various shops, and Mr. Ransome then performed the cere-inventor. The principle of Fowler's plough is now wellmony of introducing them to their foreign visitors by known; the engine and windlass are fixed at one side of the saying: I have taken the liberty of detaining you for a very field, and the anchor, which is self-moving, opposite, and befew minutes from your dinner, to give you the chance of tween them the plough is drawn by means of a wire rope. experiencing the pleasure of being introduced to these The ploughing was going on in the same field with the other gentlemen from the various nations of the continent of operations, the corn having been cut by the reaping machine, Europe. They are the gentlemen who have contributed and carried to be thrashed at another part of the field, and the so largely to the success of these great works, and who land was then ploughed up by the steam and horse-ploughs. have been so largely the instrument in providing us with The steam thrashing machines were next the objects of work, which has tended to provide you with labour, and attention, those present being an A 1 and a B 1; who by their liberal contributions to art in all its forms and the visitors took a deep interest in everything they saw amongst us, have brought into this firm the money which especially in the steam machinery, and a remark was made has enabled you to support your families, and which has how evenly and with how little vibration Ransomes' steamenabled us to keep you together, and to give them a hearty engines always work. and a good welcome (cheers). I am quite sure you will not grudge the five minutes I have ordered the gates to be closed in order to testify to these gentlemen how they are valued by English workmen, and as they have seen you at work as English workmen, I should like to hear you cheer, and give three hearty English cheers to welcome the foreign gentlemen here.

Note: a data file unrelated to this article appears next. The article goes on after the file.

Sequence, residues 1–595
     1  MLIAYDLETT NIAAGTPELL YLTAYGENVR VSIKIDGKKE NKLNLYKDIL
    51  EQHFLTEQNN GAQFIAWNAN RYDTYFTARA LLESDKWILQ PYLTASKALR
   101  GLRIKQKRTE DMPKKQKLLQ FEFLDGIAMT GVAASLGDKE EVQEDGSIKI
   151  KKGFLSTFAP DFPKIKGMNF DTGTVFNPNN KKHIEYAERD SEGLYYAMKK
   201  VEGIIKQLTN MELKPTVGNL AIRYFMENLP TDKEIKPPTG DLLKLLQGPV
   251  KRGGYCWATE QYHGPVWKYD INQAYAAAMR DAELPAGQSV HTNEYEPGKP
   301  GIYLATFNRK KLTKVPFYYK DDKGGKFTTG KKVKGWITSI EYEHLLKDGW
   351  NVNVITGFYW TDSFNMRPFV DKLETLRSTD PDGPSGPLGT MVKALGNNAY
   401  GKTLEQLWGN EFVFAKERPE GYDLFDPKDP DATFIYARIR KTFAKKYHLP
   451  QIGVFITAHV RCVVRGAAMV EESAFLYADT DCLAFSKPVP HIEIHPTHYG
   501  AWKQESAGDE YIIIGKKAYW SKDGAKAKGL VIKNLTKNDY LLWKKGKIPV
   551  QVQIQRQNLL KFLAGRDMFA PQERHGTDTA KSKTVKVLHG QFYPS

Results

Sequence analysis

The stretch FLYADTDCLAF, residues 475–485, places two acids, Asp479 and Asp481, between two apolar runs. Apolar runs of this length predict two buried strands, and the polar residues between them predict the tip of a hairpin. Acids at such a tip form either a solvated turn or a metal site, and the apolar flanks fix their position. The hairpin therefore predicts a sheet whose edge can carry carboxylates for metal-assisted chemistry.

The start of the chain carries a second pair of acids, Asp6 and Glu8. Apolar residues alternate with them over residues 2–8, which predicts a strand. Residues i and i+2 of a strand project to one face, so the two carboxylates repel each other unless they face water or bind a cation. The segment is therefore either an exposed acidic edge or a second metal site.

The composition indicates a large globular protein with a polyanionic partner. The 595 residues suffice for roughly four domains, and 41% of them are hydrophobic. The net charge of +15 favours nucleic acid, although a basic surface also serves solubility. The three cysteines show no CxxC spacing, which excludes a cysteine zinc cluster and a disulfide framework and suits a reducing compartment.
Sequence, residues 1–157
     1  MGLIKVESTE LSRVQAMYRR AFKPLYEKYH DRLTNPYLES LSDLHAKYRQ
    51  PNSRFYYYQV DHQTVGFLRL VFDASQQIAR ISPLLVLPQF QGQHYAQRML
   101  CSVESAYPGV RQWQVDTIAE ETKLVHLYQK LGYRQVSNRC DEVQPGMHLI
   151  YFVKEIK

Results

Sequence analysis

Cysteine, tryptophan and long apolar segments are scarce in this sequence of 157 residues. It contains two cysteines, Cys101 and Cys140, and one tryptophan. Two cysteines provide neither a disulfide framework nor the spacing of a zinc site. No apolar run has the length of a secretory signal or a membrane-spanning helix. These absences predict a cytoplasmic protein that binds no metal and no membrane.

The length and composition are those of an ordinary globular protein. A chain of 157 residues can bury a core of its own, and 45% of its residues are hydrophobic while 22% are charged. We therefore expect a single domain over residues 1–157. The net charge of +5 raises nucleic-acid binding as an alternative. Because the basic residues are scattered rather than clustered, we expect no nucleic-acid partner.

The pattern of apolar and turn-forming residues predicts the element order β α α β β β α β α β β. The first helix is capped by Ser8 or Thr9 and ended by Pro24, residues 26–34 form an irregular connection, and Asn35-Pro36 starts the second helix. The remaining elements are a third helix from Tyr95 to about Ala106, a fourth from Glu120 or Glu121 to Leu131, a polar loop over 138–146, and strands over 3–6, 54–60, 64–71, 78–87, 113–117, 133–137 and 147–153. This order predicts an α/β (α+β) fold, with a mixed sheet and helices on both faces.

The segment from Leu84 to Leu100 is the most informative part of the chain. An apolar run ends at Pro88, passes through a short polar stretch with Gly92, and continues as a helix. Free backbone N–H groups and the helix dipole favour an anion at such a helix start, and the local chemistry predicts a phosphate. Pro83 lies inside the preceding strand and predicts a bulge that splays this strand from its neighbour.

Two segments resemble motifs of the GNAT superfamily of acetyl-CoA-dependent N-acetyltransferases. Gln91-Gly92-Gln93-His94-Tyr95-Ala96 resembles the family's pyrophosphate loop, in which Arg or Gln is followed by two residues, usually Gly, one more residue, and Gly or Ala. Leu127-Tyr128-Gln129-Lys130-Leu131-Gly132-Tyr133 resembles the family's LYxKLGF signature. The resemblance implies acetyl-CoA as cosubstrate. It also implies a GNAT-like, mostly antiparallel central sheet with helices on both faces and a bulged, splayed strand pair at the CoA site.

The men gave such cheers as proved that if they have stalwart arms they have no less healthy and powerful lungs, and the visitors responded by giving three cheers for the work